Volkl Supersport Superspeed & Tecnica Diablo Fire Reviews

A Gear Junkie mea culpa: I’m a bit old school when it comes to downhill skiing equipment. Though I’m an expert skier, my gear of choice is almost a decade old.

So this year, in preparation for an early-season ski trip, I decided to step into 2005 with some new, high-end alpine skis and boots. Both the Volkl Supersport Superspeed ski and Tecnica Diablo Fire boot came with high recommendations from my more in-the-know skiing friends. Both also have price tags that forced some high expectations on my end.

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The Volkl Supersport Superspeed ski, which comes with an integrated Marker binding system, retails for $1,115. It has a distinct shaped profile with a 115mm tip, a 70mm waist and a 99mm tail, and Volkl pitches it as an all-mountain ski that has good responsiveness on groomed snow and enough float for varied off-trail conditions.

Testing it out on groomed cruisers and steep hard-pack runs at Jackson Hole, Wyo., the Superspeed performed superbly. Its race-ski construction, which incorporates carbon fiber and titanium into a sturdy, grippy edge design, makes for a ski that inspires great confidence at high speeds.

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The Marker Motion binding system adds to the ski’s overall solid feel. It uses Marker’s Piston Control Oil Suspension system, which the company says allows the binding to better suck up vibrations that may cause you to lose an edge.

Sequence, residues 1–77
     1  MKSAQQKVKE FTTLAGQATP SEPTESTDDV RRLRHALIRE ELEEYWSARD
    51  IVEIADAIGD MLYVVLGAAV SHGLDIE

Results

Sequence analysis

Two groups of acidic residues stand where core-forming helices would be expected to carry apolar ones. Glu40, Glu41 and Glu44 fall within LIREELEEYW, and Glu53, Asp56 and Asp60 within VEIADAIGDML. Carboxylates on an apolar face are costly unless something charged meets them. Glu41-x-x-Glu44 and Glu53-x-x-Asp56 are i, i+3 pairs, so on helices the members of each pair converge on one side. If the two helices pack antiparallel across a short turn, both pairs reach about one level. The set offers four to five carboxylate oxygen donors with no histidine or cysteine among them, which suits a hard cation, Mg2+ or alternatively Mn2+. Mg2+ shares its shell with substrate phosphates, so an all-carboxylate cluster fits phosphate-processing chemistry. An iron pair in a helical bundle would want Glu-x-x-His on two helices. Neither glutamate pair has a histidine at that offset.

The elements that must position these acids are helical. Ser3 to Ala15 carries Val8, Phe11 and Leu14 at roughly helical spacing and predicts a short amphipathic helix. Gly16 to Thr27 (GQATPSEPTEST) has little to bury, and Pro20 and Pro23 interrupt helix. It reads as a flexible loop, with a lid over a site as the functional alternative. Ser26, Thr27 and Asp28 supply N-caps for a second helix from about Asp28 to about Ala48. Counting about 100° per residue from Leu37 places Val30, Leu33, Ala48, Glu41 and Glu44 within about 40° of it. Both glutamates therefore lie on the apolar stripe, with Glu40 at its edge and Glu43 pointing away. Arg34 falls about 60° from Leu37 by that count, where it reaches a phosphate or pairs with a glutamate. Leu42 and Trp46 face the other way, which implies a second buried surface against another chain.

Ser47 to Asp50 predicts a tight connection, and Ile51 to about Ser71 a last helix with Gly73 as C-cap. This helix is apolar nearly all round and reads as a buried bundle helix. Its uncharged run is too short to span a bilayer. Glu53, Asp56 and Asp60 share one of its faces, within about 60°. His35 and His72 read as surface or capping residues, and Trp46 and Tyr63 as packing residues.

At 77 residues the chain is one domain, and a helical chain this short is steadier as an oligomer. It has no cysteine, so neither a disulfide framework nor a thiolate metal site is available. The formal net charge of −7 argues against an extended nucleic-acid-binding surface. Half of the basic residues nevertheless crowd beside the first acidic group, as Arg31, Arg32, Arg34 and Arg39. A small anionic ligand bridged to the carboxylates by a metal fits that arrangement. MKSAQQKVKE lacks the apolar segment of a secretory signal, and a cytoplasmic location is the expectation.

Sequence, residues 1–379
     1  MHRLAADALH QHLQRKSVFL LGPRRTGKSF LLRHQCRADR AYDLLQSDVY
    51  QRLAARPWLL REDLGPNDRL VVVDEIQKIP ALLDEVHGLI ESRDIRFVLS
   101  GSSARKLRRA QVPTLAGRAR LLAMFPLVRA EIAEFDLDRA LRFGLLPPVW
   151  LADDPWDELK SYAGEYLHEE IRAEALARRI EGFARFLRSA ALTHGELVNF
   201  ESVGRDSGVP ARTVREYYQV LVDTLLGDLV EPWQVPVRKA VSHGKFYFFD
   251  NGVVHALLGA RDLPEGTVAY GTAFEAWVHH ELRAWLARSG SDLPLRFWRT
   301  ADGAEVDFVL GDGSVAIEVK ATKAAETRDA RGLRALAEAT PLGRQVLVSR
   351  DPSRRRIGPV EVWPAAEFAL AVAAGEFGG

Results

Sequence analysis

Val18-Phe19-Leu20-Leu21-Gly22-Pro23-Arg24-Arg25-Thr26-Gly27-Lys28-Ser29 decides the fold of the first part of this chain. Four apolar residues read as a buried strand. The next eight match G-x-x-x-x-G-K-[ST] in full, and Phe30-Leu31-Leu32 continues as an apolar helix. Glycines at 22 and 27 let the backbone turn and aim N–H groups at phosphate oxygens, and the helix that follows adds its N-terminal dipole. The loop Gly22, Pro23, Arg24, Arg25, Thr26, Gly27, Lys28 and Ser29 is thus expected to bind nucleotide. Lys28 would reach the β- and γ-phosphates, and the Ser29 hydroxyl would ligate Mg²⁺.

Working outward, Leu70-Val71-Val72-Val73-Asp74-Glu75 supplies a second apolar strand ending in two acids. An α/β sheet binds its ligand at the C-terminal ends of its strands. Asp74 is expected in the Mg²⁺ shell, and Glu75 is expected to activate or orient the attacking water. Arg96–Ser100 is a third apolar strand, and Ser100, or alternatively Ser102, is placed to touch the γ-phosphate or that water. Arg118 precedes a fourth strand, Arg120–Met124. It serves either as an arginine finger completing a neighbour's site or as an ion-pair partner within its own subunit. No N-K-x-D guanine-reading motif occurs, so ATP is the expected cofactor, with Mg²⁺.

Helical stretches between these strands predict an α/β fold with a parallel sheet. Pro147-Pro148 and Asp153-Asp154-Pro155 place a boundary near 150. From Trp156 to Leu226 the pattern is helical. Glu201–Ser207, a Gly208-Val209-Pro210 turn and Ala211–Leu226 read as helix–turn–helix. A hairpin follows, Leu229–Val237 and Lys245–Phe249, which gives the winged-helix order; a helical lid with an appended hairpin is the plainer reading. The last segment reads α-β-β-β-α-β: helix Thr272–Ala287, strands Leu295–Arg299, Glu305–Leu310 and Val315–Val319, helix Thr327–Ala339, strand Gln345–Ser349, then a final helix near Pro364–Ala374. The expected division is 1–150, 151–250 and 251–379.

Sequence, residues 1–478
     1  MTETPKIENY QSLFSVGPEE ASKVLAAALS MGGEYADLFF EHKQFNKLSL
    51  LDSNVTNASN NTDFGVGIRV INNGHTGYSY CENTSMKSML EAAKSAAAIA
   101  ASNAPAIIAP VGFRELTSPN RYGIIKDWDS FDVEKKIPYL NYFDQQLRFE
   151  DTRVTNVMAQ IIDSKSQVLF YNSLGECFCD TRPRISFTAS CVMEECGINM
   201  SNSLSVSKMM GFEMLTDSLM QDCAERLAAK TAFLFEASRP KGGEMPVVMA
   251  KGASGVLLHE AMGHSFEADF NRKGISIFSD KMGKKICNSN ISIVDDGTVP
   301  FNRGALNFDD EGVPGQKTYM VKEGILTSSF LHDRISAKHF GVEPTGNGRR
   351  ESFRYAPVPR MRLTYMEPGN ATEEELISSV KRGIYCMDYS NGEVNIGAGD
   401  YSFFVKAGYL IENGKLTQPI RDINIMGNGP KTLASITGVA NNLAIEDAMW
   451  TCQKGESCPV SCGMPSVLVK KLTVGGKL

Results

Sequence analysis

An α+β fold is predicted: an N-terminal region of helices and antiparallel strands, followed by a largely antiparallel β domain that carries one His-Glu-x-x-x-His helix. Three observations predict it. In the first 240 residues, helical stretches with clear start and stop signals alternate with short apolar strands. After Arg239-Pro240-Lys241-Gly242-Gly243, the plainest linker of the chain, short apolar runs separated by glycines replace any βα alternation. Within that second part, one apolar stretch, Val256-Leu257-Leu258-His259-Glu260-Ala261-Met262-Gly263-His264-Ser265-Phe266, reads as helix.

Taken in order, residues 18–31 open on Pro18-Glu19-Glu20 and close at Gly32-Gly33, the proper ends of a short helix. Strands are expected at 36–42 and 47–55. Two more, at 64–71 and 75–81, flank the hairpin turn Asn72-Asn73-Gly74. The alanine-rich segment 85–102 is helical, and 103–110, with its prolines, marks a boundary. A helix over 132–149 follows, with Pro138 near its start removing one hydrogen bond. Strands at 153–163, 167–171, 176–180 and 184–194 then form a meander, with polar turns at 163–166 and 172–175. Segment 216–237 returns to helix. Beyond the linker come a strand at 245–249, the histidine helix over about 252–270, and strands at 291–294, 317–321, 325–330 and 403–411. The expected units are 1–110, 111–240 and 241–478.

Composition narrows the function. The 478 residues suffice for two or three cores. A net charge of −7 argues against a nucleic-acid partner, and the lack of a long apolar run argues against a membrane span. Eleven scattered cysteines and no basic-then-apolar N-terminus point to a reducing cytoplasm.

But for all its control on the trail, I was not impressed with the ski’s handling in deep snow and crud. I tested the 175cm model, and its shorter length combined with its somewhat narrow midsection did not handle the off-trail runs as decisively as I’d hoped.

To accompany the Volkl skis, I wore Tecnica’s Diablo Fire boots ($675), a top-end, all-mountain model made to take on steep faces, bumps, powder and groomed cruisers.

Tecnica’s design incorporates a hard material on the heel and toe areas for efficient energy transfer to the ski and a medium-stiff material on the part of the boot that wraps your foot. Over the top of the instep, Tecnica uses a softer plastic for easier in and out. The boot cinches to the foot with four solid aluminum buckles and a strong Velcro strap on top.

For critical, fast turns on hard-pack steeps, I found the Diablo Fire to be powerful and precise. It also performed well off the groomed trail, as it was comfortable for jumping and bumping, yet responsive.

My first day on the slopes, the boot did not fit 100 percent right. Fortunately, the Diablo Fire has several adjustment features, including a flex adjustment plate, heel spacers, cuff and axis alignment, and a rear spoiler that can be switched to three height positions for various calf dimensions. After 30 minutes of tweaking in my hotel room that evening, the boot had better forward flex, a tighter heel and a cant that fit the angle of my lower leg like a glove.

Contact:
Tecnica, 1-603-298-8032, www.tecnicausa.com.
Volkl, 1-603-298-0314, www.volkl.com.

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